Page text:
Power and Electrical Engineering

This topic covers issues related to energy generation, conversion, transportation and consumption and how the industry is addressing the challenge of energy efficiency in general.

innovations-report provides in-depth and informative reports and articles on subjects ranging from wind energy, fuel cell technology, solar energy, geothermal energy, petroleum, gas, nuclear engineering, alternative energy and energy efficiency to fusion, hydrogen and superconductor technologies.

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Alberta Research Council reaches major milestone in the development of micro fuel cell technology

A first in Canada, the Alberta Research Council (ARC) reached a milestone in the technical development of its own version of solid oxide fuel cell (SOFC) technology. ARC scientists are developing a proprietary micro solid oxide fuel cell (µ-SOFC) source of energy for small-scale portable applications such as laptops or personal digital assistants (PDAs). "This is an important milestone as we pursue our strategic initiative in fuel cell technologies," says John Zhou, manager, Advanced Materi 13.11.2002 | nachricht Read more

Pablo Sanchis solves the detection of the “island effect”

The “island effect” is one of the main problems in photovoltaic compound solar systems. The doctoral thesis of Pablo Sanchis, presented in the Public University of Navarre (Basque Country), proposes three main contributions: the first one is a new control strategy of a booster inverter for autonomous systems; the second one is a new implementation of impedance measurement method, and the third one, a new methodology for the design of drift method in frequency, which guarantees with t 11.11.2002 | nachricht Read more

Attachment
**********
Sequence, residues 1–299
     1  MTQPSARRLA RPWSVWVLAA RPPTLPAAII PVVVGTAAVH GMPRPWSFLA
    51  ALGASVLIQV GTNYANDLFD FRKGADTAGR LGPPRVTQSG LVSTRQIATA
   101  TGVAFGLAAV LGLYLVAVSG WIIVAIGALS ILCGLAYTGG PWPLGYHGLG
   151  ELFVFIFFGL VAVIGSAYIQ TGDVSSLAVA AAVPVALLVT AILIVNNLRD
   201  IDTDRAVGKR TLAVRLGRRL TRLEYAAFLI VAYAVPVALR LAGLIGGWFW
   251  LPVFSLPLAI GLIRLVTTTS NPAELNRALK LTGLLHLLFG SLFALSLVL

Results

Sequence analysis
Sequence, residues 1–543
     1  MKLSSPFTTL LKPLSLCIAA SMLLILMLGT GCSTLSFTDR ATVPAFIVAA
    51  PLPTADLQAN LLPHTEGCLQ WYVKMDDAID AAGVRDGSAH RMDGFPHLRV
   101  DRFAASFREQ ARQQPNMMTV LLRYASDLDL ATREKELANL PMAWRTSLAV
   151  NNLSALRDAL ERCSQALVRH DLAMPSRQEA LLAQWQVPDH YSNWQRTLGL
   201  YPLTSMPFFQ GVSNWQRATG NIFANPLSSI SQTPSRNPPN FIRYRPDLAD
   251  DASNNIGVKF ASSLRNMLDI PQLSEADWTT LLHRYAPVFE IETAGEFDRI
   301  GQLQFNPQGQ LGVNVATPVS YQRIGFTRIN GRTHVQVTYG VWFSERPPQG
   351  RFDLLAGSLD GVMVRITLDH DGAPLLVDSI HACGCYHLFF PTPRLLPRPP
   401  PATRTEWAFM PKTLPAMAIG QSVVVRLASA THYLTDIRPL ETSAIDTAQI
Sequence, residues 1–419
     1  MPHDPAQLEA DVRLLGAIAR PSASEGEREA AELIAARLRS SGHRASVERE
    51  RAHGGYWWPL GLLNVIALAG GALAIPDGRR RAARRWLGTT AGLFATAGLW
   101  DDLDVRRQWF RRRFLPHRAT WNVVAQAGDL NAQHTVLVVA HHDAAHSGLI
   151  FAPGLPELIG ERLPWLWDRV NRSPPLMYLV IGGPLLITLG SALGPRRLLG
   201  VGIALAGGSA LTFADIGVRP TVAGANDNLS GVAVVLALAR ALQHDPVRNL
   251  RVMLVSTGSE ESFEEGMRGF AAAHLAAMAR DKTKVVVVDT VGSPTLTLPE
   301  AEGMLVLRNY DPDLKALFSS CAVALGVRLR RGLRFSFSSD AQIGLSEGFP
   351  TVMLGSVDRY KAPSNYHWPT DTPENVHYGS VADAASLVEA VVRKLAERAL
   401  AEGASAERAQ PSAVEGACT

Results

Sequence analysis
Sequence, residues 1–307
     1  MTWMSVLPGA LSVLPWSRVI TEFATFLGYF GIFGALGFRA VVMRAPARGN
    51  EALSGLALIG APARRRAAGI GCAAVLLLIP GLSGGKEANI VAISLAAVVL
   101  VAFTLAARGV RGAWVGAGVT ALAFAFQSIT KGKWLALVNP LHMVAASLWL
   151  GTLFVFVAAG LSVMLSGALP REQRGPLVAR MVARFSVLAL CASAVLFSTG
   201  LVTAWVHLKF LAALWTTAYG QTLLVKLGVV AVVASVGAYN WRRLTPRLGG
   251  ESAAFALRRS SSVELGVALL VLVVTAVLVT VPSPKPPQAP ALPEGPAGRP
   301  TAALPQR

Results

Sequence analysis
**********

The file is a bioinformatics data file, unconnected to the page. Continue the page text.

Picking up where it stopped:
Reactor research could save money on nuclear waste handling

Recent experiments by Sandia National Laboratories researcher Gary Harms and his team are using a new Labs-built reactor to provide benchmarks showing that spent nuclear fuel — uranium that has been used as fuel at a nuclear power plant — is considerably less reactive than the original fresh fuel. This could mean significant savings in the eventual safe transport, storage, and disposal of nuclear waste. “The conservative view has always been to treat spent fuel like it just came out of the 08.11.2002 | nachricht Read more

New conductor could provide answers for energy demand

Oak Ridge National Laboratory and 3M Company are hoping for powerful results from a project aimed at making transmitting electricity more efficient and reliable. Researchers from 3M, working with ORNL, are developing a promising replacement conductor for conventional power lines that addresses the problem of power outages caused by sagging lines. Lines sag under the heat of high current loads. The replacement conductor also avoids the high cost and environmentally harmful effects of buildin 07.11.2002 | nachricht Read more

UPS Fleet Study Quantifies the Reliability, Low Emissions of CNG Trucks

A large study comparing trucks fueled by natural gas with others fueled by diesel found the natural gas vehicles produced only a quarter of the carbon monoxide emissions and half the oxides of nitrogen emissions of their diesel counterparts. The study was conducted using package trucks operated by United Parcel Service (UPS), which has the nation’s largest private compressed natural gas (CNG) fleet. The study compared the operations, maintenance, performance, and emissions characteristics 06.11.2002 | nachricht Read more